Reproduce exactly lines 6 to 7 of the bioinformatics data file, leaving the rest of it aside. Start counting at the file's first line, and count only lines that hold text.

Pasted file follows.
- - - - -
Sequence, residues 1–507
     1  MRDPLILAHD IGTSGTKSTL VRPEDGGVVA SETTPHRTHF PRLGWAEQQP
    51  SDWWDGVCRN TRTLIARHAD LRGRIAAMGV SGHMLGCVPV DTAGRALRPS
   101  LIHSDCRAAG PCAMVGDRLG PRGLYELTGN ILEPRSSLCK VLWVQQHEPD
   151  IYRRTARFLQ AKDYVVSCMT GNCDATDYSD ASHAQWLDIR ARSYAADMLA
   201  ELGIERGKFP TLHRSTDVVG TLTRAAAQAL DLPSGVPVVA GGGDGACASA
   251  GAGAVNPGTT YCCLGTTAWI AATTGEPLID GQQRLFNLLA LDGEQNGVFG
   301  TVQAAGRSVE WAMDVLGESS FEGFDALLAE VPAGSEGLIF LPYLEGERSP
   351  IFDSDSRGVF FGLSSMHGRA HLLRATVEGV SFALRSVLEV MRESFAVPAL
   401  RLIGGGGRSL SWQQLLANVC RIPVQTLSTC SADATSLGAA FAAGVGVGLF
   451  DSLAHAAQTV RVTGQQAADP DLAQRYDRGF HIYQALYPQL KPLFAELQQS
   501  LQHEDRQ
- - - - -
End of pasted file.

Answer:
   201  ELGIERGKFP TLHRSTDVVG TLTRAAAQAL DLPSGVPVVA GGGDGACASA
   251  GAGAVNPGTT YCCLGTTAWI AATTGEPLID GQQRLFNLLA LDGEQNGVFG